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Offseason Choose Your Own Adventure - Is This Real Life?

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OTM has voted to say sayonara to Santana, and no thanks on Manny Machado.

Batlimore Orioles Vs. Boston Red Sox At Fenway Park
This offseason sucks.
Photo by John Tlumacki/The Boston Globe via Getty Images

There’s a story stream here.

I feel the need to say this again, since I saw a comment on social media, but regardless of how bad this offseason has been, you cannot superimpose this as a replacement for reality. Everything that happens in this simulation is fake. All of it. It’s a simulation. That’s why Carlos Santana was an option even though he signed over a month ago. That’s why Stanton came to Boston, even though there was no indication he would have expanded his list of teams to include us. Please, remember, this is a game.


Alexander Henry’s Office - December 23rd, 5:30 PM EST

A little more than a week later, with Christmas around the corner, Alexander Henry was closing shop for the holidays. He’d said no to Carlos Santana and the same to Dan Duquette.

Carlos Santana would go on to sign with the Phillies for 3 years, and 60 million dollars, with a club option for 2021 at 17.5 million dollars. Maybe that was fair, maybe not, either way, Boston had spoken on the matter, and were going to let him go elsewhere. They had Mitch Moreland in the fold after all, and there was no indication that he had been signed to just be a bench bat, in either case.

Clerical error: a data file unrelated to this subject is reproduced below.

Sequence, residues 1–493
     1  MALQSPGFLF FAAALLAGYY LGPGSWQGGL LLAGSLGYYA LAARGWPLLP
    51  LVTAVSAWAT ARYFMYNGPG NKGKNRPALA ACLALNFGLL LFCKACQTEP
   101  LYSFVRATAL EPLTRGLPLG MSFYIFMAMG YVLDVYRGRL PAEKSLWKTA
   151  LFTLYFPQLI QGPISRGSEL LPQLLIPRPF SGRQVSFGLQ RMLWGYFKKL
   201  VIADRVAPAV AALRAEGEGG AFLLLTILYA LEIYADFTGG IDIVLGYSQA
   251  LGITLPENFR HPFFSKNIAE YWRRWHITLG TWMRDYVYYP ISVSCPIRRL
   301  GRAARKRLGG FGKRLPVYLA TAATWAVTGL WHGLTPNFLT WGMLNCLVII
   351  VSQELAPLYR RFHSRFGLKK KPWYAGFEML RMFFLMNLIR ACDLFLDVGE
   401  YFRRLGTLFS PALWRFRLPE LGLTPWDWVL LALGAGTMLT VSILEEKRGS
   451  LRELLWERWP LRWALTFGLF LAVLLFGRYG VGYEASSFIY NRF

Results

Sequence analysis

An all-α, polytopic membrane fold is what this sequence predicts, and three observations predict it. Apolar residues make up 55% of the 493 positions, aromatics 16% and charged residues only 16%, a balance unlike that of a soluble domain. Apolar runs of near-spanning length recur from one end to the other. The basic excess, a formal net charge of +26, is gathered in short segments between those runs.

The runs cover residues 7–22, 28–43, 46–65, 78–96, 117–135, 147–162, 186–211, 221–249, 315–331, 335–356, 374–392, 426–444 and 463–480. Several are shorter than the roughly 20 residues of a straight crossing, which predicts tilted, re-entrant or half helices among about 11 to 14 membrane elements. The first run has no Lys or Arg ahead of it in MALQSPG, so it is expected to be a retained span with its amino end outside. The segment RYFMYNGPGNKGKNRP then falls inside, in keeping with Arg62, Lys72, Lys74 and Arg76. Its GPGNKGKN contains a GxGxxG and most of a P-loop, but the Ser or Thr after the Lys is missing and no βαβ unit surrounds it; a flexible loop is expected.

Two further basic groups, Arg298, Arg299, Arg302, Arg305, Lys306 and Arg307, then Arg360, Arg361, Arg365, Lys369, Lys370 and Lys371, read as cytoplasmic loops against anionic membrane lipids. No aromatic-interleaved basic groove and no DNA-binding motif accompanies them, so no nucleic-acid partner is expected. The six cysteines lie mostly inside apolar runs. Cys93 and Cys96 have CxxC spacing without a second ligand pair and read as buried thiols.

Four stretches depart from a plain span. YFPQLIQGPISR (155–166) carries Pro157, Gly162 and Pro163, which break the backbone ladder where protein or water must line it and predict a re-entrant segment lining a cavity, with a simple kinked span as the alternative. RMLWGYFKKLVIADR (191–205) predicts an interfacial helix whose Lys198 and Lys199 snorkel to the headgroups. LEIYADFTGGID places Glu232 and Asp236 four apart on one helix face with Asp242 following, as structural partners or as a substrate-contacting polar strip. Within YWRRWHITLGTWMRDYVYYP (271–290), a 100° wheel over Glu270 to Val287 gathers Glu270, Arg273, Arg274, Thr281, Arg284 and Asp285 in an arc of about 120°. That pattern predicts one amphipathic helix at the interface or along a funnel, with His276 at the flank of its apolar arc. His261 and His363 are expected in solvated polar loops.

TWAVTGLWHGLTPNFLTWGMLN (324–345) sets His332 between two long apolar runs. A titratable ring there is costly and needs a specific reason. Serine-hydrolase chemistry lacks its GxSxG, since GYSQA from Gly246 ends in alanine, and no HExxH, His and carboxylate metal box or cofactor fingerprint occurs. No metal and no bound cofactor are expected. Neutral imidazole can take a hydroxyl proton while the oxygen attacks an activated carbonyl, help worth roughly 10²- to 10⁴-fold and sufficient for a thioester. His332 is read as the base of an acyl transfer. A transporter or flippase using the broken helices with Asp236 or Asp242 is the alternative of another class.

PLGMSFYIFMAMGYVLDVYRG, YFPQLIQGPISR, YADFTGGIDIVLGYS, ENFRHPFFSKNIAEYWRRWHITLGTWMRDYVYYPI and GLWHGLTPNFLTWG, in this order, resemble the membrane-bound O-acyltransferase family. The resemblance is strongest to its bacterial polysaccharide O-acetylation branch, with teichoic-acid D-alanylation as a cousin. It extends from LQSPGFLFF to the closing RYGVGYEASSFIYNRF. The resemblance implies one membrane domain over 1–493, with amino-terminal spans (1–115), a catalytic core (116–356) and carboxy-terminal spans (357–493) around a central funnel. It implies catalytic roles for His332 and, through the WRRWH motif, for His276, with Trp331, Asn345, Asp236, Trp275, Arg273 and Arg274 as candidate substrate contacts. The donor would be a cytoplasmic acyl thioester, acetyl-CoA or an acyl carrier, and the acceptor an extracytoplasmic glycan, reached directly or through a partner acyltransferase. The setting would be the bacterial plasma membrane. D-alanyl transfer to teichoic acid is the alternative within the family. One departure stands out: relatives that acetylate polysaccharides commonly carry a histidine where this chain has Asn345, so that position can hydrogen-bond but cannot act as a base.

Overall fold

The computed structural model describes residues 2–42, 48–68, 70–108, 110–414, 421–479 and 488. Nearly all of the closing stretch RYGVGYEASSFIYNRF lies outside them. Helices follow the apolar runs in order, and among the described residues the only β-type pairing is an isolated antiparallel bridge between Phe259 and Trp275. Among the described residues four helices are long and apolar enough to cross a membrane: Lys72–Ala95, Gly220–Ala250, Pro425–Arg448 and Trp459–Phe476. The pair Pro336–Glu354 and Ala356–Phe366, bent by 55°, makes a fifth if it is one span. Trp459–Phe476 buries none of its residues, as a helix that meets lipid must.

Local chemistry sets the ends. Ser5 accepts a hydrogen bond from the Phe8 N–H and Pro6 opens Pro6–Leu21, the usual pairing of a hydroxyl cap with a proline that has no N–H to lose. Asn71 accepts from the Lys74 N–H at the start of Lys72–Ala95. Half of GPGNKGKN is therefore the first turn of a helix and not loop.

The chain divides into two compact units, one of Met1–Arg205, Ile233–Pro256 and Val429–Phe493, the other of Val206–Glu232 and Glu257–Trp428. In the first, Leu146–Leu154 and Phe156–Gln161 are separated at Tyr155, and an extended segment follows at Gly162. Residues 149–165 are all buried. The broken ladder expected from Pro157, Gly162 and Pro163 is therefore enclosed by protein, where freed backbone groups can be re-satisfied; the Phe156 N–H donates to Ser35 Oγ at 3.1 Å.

Divisional Round - Cleveland Indians v New York Yankees - Game Four
Carlos Santana, much like in real life, has chosen to sign with the Phillies for a lot of money.
Photo by Mike Stobe/Getty Images

Manny Machado, for what it was worth, was still handcuffed to Baltimore. The Orioles had been somewhat aggressive in trying to move him, but nobody had made an offer that appealed to them enough to get anything close to done. Duquette called the Red Sox a few more times to try and get them involved, but Henry just felt like it wasn’t the right time to make a move.